Inside DNS over HTTPS workflow
Aniketh Girish (~Aniketh01) |
DNS is a non-encrypted protocol. DNS responses which are sent over UDP or TCP lack confidentiality, privacy and security. DNS often contains password files, geolocations, email service and fax numbers, certificate identity and pinning for TLS and much more. Parsing DNS without encryption would lead to different vulnerabilities such as eavesdropping and spoofing.
DNS over HTTPS(DoH) is a web protocol that argues for sending DNS requests and receiving DNS responses via HTTPS connections, hence providing query confidentiality. DoH provides more than just privacy – it also helps guarantee the integrity of the response users receives their requests. Because the DNS response is invisible between responder and user, ISPs and others in the end-to-end network chain can't interfere with the responses. Moreover, Responses from the use of recursive resolvers to clients are the most vulnerable to undesired or malicious changes, because generally recursive resolvers do not encrypt any of your queries.
Henceforth, we would be discussing the implementation and parsing of DNS over HTTPS. Further, we provided added support for handling IPv4 and IPv6 DNS packets (A + AAAA records) as well as support for EDNS for edns-client-subnet usage. The integration with HTTP provides a transport suitable for traditional DNS clients seeking access to the DNS. In the end, we will discuss how our client will be sending DNS queries and get DNS responses over HTTP using https:// and implies TLS security integrity and confidentiality.
Furthermore, I plan to put some light on how DNSSEC validation is getting involved here with DNS resolution through HTTP to provide ultimate privacy and security support for the DNS packets.
I’m currently in my sophomore year, pursuing an undergraduate degree in Computer Science and Engineering from Amrita University. I’m an active member of a FOSS club in our university(FOSS@Amrita). I started actively contributing to various open source organizations from the year 2016. Initially, I started my career in Open Source by contributing to KDE. I was selected for Season of KDE(KDE-SoK) 2016-17 in which I worked on an astronomy software named called Kstars.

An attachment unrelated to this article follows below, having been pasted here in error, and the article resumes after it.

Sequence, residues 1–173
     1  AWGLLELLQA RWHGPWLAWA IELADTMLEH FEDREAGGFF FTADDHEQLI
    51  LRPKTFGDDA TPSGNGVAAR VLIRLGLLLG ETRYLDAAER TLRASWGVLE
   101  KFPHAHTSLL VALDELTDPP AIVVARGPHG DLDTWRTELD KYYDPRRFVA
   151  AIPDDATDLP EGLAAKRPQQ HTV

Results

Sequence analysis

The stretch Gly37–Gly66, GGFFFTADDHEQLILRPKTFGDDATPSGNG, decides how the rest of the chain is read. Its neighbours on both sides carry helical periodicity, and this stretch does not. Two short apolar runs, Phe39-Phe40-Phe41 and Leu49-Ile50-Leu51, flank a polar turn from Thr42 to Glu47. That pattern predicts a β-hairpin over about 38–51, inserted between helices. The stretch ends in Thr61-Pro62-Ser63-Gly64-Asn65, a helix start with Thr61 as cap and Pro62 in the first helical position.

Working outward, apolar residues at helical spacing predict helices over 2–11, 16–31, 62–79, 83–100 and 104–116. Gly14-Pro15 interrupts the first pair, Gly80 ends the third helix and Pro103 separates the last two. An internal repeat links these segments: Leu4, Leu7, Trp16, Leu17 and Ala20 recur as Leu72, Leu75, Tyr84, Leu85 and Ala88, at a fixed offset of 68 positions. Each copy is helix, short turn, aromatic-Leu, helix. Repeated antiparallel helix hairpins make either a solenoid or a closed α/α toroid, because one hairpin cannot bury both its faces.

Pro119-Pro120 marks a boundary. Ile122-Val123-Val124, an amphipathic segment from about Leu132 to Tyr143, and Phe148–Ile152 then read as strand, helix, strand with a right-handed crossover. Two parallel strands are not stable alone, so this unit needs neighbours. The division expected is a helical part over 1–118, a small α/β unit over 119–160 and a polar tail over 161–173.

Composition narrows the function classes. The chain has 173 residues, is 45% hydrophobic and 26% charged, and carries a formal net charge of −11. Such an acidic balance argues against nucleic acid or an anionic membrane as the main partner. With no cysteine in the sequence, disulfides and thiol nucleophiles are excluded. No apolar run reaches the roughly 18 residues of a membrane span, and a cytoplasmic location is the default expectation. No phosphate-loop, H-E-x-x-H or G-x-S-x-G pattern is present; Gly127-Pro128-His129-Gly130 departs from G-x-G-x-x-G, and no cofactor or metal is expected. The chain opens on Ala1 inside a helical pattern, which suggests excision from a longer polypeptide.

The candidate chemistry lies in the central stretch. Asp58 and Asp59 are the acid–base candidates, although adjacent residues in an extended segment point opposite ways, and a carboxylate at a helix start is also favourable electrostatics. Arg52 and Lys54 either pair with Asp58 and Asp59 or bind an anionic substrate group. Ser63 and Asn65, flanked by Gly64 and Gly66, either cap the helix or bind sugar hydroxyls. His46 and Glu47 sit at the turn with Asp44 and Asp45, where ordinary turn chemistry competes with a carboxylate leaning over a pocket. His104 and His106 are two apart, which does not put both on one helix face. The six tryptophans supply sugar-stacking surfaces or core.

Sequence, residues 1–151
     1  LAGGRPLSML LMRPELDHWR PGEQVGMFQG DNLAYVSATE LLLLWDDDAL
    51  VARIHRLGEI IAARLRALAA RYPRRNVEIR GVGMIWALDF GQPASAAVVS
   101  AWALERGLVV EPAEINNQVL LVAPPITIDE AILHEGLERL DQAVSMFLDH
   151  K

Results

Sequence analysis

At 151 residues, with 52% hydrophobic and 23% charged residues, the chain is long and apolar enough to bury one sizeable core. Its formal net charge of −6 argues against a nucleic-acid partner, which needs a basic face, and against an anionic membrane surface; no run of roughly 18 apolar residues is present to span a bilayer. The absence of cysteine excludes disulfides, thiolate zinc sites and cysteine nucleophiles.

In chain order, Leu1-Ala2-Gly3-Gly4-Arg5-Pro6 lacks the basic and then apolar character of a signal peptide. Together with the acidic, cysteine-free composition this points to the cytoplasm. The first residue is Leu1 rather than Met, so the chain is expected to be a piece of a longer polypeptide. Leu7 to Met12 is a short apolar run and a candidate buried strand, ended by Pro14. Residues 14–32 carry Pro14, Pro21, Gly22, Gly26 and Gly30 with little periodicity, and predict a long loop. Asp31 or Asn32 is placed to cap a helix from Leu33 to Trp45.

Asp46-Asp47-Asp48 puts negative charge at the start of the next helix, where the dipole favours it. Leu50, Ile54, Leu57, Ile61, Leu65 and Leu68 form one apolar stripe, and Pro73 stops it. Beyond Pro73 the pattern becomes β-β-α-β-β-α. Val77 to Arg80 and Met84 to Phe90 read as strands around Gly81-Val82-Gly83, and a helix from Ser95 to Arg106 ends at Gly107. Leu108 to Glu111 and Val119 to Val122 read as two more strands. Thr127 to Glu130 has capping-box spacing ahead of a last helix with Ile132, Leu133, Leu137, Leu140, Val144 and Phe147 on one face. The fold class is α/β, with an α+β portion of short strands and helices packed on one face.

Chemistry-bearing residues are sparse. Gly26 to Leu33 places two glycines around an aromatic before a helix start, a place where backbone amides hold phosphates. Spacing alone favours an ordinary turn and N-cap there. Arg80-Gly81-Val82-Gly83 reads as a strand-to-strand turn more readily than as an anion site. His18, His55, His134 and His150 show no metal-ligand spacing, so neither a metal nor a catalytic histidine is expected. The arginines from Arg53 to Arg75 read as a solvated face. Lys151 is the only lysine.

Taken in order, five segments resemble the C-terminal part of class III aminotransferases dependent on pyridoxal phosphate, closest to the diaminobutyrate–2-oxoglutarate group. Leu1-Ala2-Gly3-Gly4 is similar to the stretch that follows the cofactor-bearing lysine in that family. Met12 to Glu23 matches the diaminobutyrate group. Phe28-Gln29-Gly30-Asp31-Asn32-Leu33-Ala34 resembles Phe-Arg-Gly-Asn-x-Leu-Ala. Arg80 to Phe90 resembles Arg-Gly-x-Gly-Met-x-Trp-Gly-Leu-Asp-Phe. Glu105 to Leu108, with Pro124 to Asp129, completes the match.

Further, I was selected for Google Summer of Code 2017 under KDE, where I worked on a project for a libre graphics software, Krita. My work involved introducing a data sharing module in it. The module enables communication between Krita and a remote KDE server in order to help users save and publish their data online. This also required modifying the underlying framework to enable client/server communication. I have been selected for Google Summer of Code for the 2nd time, where I am working on the project Wget2 under GNU organisation. I GSoC project involves adding support for DNS over HTTPS in Wget2.
I was invited as a speaker for KDE India Conference 2017 in IIT Guwahati, where I gave a talk on the topic “Object tracking using OpenCV and Qt”. Further, I will be travelling to Austria on August to give a talk in KDE conference, Akademy and will be talking on the topic "Strengthen Code Review Culture: rm -rf ‘Toxic Behaviors"